Uncle Bill’s Appeal of the Fire Department Condemnation

As background, Bill Sanigular owns a building at the corner of Sheridan and Plymouth Avenues where a neighborhood grocery store called “Uncle Bill’s Food Market” used to be located. In late 2004, Sanigular gave up management of the store. He leased the space to Ali Hassan Meshjell.

In April 2007, there was a shooting two blocks away. Some neighborhood residents blamed it on the kind of people who frequented Uncle Bill’s. At the 1200 Upton block club meeting on May 3, 2007, city officials including Mayor Rybak and Council Member Don Samuels demanded that the building that housed Uncle Bill’s store be condemned. City staff promised to comply. On Tuesday, May 9, 2007, a placard of condemnation was posted on two entrances to the building. It had to be vacated by May 31st.

Larger rental properties in Minneapolis are inspected by the Fire Department. The Fire Department did a complete inspection of Sanigular’s building in the summer of 2006. Repairs requested by the city cost him over $25,000. This caused Sanigular to fall behind on his mortgage payments. At the end of July, the fire inspectors said they were satisfied with the work.

But then, in January, 2007, a different set of Fire Department inspectors came by to do a new inspection. It was now alleged that the building had sagging floor joists and cracks in the structure. Sanigular worked on the project as best he could until the fateful block club meeting and the condemnation several days later. He appealed the condemnation to the Minneapolis Fire Code Appeals Board. The appeal was heard in the Fire Department offices in City Hall on Tuesday, July 24.

Bill Sanigular tipped off a reporter for the Watchdog newspaper (me) that this meeting would be held. I opened the door to the conference room and sat down in an empty chair near the door. The presiding official, assistant chief Dave DeWall, asked me what I was doing. I said I was with the Watchdog newspaper and would observe the meeting. DeWall then said it was a private meeting. I had to leave. I said that if I did leave, I would march straight to Mayor Rybak’s office and get a clarification of the city’s open-meeting policy.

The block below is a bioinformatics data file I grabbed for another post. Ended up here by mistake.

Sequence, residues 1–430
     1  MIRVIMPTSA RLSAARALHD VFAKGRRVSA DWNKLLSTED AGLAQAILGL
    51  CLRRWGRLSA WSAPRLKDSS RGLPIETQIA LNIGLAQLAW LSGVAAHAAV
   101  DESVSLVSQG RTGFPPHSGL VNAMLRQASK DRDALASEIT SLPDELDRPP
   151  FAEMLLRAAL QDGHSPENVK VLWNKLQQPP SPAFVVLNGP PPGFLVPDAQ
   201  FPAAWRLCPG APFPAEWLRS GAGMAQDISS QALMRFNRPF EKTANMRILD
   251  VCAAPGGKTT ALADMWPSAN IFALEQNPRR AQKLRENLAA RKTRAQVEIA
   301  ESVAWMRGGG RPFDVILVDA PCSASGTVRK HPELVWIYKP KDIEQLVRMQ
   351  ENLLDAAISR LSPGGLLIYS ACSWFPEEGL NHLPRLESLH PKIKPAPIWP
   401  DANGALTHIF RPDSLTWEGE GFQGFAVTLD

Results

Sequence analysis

This seemed to throw a wrinkle into the situation. Calling a recess of the meeting, DeWall rose from his chair. Ten minutes later, he returned. I could remain at the meeting, he said, but not participate. I said I had no intention of participating. There were no further problems involving me.

Bill Sanigular and his wife, Jean, were sitting at one end of the table across from Deputy Chief DeWall and several other Fire Department officials. Sanigular was trying to argue that his building was stable. He had spent $650 to fix the garage, $285 for a new steel door, $889 on the front and back doors, etc. He said he didn’t think there were any structural problems. A structural engineer had said there was nothing wrong with the building. It was not going to fall down in the near future.

Sanigular then raised several points that seemed to be a rather delusional appeal for sympathy. Some inspectors had said they would kick in his doors. I’m “a foreigner” (from Africa), Sanigular said, but “we’re all human beings.” There was “no trouble on my record”. He was “never on welfare”. If the city was giving the owner of the adjacent building (which was in much worse shape)a chance to make repairs, why couldn’t he have the same opportunity? “If I fix one thing”, Sanigular observed, “the inspectors come back and then ask me to fix several other things.”

A city inspector in 2006 had said the building was OK. Now the city was saying he “had to fix such and such”. He had spent $25,000 on city-ordered repairs. Where could he find an affordable lawyer?, Sanigular asked.

Inspector Jim Dahl said that the latest orders had been given in February. There were “twenty points of contact” between the city and Sanigular, yet no action was taken to engage the services of a structural engineer until a few days before the two parties went to court. No structural report had yet been issued.

Chief De Wall said he was not disputing the fact that Sanigular had spent some money in complying with city work orders. His main concern was from a structural standpoint. The city needed a report from a certified structural engineer who would say that the building was structurally sound.

He also commented that inspectors had noticed that some work had been done in several places but no permits had been pulled. It was necessary to pull permits and have an inspector examine the work to see that it was done properly. The work had to be up to city code.

Inspector Dahl referred to Sanigular’s comment that the building was structurally sound. It would not fall down in the next fifty years. Yes, he said, but what would happen during a fire? They had to be sure that structural weaknesses in the building would not endanger fire fighters’ lives.

The issue, said De Wall, was the lack of a report from a certified structural engineer. He did not see a reason why, even though the building was condemned, Sanigular could not engage the services of a structural engineer who could look at the building and see whether Sanigular was able to address the city’s concerns. You can’t “occupy a condemned building,”, he said, “but we’re still allowing you to fix the problems.”